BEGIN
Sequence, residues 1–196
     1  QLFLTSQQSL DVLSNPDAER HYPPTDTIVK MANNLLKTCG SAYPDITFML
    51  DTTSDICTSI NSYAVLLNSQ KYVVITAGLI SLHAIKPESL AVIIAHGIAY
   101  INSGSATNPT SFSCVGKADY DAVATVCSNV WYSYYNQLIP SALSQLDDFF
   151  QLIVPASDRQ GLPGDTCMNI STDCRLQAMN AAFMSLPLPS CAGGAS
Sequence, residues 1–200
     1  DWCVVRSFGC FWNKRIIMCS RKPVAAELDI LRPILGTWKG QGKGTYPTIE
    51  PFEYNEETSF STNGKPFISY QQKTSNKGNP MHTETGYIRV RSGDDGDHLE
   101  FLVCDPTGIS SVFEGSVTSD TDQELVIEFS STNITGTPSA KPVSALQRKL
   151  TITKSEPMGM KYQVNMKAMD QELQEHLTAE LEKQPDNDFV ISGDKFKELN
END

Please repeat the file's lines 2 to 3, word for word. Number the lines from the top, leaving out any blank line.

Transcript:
     1  QLFLTSQQSL DVLSNPDAER HYPPTDTIVK MANNLLKTCG SAYPDITFML
    51  DTTSDICTSI NSYAVLLNSQ KYVVITAGLI SLHAIKPESL AVIIAHGIAY